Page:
I had a good childhood. My parents were attentive and supportive, and we didn’t want for much.
My brothers and I had our own rooms, we had a pool in the backyard, I had a bike, we had cable, a VCR, at one point we had a Laserdisc player for some reason, and we had a big screen TV. I wasn’t spoiled; there was plenty of stuff I wanted that I didn’t get, like the latest video game system, a TV in my room, a car, a girlfriend, a social life, etc., but there was nothing I needed. It was pretty great!
Too bad it’s ruining my kids’ lives.
In some obvious cases – say, for parents who grew up during the depression – the bar is fairly low, and in some obvious situations – say for kids who grew up during the post-war boom of the 50s – the ceiling is fairly high. But these days, for many children of middle-class parents, it keeps getting harder. (Don’t worry, I’m not getting political.)
By the time my parents were my age, they’d had a lot of success. They owned a house (that they still live in), my dad had his own law firm, and together they had three kids, two cars, and a dog. Meanwhile, I pay too much rent for a small apartment (not complaining!), still don’t know what I’ll be doing next year let alone in ten years, and am already concerned about my kids’ futures – financially, environmentally, potential post-Civil War-ily. (Sorry!)
They don’t want for anything, not yet, but they will, and it’s starting to feel like I won’t be able to give it to them. Fortunately, that may be a good thing. Having a childhood in which they didn’t get everything they wanted might be exactly what my kids need to lead successful adult lives. My failures may end up paying off!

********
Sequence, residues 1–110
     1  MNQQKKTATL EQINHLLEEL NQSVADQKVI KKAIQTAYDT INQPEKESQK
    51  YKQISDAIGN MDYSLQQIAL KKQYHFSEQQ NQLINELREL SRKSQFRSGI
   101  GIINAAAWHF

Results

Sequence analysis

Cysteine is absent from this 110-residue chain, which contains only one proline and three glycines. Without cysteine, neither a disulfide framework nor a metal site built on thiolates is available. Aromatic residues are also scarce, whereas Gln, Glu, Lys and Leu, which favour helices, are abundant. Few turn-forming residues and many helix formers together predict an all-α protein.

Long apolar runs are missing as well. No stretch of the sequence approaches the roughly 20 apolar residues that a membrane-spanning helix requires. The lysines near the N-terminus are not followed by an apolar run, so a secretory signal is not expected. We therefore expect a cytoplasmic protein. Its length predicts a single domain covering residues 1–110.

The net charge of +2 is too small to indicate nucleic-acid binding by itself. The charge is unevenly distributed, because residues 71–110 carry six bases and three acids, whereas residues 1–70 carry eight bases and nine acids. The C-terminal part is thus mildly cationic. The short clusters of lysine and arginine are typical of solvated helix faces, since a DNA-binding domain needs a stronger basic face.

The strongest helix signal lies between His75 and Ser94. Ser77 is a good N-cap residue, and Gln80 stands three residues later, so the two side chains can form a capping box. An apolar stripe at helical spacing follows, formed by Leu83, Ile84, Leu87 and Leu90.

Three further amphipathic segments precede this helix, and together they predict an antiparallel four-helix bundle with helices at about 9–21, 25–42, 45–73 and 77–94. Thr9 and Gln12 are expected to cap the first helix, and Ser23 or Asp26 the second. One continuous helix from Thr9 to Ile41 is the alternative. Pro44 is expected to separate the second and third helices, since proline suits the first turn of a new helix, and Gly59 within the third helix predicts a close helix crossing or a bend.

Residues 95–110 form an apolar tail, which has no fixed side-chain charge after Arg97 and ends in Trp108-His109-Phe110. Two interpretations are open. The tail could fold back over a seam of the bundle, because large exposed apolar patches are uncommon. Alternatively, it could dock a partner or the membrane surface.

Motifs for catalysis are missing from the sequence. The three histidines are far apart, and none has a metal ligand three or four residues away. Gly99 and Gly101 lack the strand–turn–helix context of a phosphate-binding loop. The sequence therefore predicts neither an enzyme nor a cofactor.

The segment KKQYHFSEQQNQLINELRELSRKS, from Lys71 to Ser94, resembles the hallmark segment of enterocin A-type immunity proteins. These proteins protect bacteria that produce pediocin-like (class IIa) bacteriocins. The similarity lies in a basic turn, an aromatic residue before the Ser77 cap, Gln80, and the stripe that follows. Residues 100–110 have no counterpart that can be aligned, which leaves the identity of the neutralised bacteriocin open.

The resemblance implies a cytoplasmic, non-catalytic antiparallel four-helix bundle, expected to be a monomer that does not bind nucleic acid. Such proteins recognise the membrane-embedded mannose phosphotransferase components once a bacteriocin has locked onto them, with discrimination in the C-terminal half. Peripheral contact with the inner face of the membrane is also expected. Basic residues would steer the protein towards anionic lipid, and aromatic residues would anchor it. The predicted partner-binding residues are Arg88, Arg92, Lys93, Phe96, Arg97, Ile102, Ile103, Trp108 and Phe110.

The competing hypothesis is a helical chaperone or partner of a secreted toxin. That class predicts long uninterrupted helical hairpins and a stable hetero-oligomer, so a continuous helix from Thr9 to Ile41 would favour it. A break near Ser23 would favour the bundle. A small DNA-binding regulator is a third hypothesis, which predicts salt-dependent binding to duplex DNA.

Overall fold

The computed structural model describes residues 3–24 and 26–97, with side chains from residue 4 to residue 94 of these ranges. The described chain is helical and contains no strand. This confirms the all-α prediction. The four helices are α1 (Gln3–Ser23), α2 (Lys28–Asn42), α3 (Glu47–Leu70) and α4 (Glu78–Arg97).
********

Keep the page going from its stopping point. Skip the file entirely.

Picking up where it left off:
There’s an old joke about giving your kids just enough trauma so they wind up funny, based on the conventional wisdom that the best comedians have rough pasts and tortured inner lives. It’s the kind of thing that only makes sense in retrospect, because what monstrous parent would try to reverse-engineer a comedian by ruining their kid’s childhood? But the idea behind it – that circumstances impact development – is more or less true, especially when it comes to the lifestyle with which we provide our children.
Most of the time, your kids get what they get. There aren’t too many parents who can fundamentally alter their living situation just to cater to their kids’ lives and futures; your children become a part of your life, like it or not. Some of us get the short end of the stick, and some of us get lucky and are born into better situations than others, through no merit of our own. But sometimes those good situations can backfire.
Were my parents too successful for me to be successful?
That’s not fair, obviously, and honestly it’s more than a little ridiculous. Parents already feel far too much guilt and anxiety over somehow ruining our kids lives to worry about how our own success and accomplishments could somehow send them down the wrong path. I don’t blame my parents for giving my a comfortable childhood; I blame myself for not planning ahead, for letting myself become complacent, and for not doing enough to capitalize on the launching pad my parents’ hard work and success provided for me.
But I’m not giving up. I have a long way to go, and it certainly isn’t my plan to give my kids a shitty childhood. But hey, it’s tough out there, and maybe a little hardship will end up being good for them.
At this rate, it had better be.